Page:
• As best seen in FIGS. 1H and 1I, the bottom surface 118 of the plate 110 may include a plurality of recesses 119 located along the elongated portion 140 between the fastener openings 120. In the embodiment shown in FIG. 1H, the recesses 119 are in the form small partial bores in the lateral surface, which are configured to facilitate bending of the plate 110. The recesses 119 remove material such that the plate 110 shield stress from the fastener openings 120, discouraging hole warping effect during recontouring of the plate 110. The recesses 119 may also provide attachment points for plate placement instrumentation (not shown). In the embodiment shown in FIG. 1I, the recesses 119 are in the form of scallop cuts having partially cylindrical valleys cut around a periphery of the bottom surface 118 of the plate 110. This again shields stress from the fastener openings 120 during bending, discouraging hole warping effects while recontouring the plate 110. This also reduces contact between the plate 110 and the bone surface, thereby helping to preserve blood supply to the bone and prevent osteonecrosis. In addition to or in place of the recesses 119, a plurality of dimples, best seen in FIG. 1J, may be positioned along the bottom surface 118 of the plate 110 (e.g., along the entire bottom surface 118 or a portion thereof) to further reduce contact between the plate 110 and bone surface, further helping to preserve blood supply and prevent osteonecrosis.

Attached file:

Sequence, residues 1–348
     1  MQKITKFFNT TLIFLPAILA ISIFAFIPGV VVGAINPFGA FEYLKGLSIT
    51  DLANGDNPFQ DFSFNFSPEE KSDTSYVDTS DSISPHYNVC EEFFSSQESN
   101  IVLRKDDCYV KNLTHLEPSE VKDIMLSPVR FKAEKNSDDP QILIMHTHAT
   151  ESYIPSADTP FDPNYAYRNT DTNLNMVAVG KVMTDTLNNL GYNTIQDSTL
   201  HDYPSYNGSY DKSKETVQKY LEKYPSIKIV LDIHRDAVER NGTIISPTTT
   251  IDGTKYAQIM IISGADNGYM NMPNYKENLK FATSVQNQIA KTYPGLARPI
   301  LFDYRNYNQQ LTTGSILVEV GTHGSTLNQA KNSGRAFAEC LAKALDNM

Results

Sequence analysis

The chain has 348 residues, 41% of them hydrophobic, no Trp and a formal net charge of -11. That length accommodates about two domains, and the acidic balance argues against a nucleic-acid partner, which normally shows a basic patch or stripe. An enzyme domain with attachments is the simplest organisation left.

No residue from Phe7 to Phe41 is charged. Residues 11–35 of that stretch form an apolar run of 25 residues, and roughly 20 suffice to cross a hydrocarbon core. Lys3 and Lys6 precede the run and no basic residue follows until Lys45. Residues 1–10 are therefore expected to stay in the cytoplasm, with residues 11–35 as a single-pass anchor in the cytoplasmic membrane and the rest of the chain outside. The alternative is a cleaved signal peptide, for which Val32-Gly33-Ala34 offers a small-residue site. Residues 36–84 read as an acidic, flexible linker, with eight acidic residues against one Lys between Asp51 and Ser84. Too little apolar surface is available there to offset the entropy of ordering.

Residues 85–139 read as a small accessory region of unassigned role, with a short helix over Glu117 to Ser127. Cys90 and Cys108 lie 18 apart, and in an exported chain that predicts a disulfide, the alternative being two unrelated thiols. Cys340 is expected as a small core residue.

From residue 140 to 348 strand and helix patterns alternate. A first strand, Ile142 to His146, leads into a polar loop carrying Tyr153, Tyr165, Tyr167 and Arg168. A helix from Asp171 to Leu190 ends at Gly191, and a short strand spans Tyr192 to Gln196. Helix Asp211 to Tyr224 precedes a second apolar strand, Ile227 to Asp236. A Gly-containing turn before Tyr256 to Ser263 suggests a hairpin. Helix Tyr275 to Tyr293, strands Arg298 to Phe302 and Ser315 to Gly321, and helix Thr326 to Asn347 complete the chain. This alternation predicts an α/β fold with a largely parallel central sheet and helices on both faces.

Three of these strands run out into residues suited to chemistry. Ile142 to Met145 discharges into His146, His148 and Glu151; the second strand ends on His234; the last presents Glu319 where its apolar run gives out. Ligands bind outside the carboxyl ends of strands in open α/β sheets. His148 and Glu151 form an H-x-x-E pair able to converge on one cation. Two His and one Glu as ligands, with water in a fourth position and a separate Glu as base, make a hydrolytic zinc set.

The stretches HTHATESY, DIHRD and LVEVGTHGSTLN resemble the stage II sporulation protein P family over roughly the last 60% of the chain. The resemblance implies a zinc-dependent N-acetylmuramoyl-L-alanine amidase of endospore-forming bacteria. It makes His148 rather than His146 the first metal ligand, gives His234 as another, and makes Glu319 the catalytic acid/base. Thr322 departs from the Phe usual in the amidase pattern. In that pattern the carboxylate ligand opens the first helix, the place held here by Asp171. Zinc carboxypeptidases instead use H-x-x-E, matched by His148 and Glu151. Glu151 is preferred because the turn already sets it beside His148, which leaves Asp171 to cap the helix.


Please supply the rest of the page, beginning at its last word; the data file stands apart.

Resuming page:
• The plate 110 includes one or more through openings 120 configured to receive one or more bone fasteners 130. The openings 120 extend through the body of the plate 110 from the top surface 116 to the bottom surface 118. The openings 120 may include cylindrical openings, conical openings, elongated openings, threaded openings, textured openings, non-threaded and/or non-textured openings, and the like. The openings 120 may allow for locking of the fastener 130 to the plate 110 or may allow for movement and dynamic compression of the bone. The plate 110 may comprise any suitable number of openings 120 in any suitable configuration. These openings 120 allow surgeons more flexibility for fastener placement, based on preference, anatomy, and fracture location. Surgeons may have differing opinions as to the number, location, and types of fasteners 130. Further, complexity of fracture location and shape makes having as many locations for fasteners 130 as possible necessary. This design offers surgeons a versatile method to achieve higher accuracy in placement of the fasteners 130.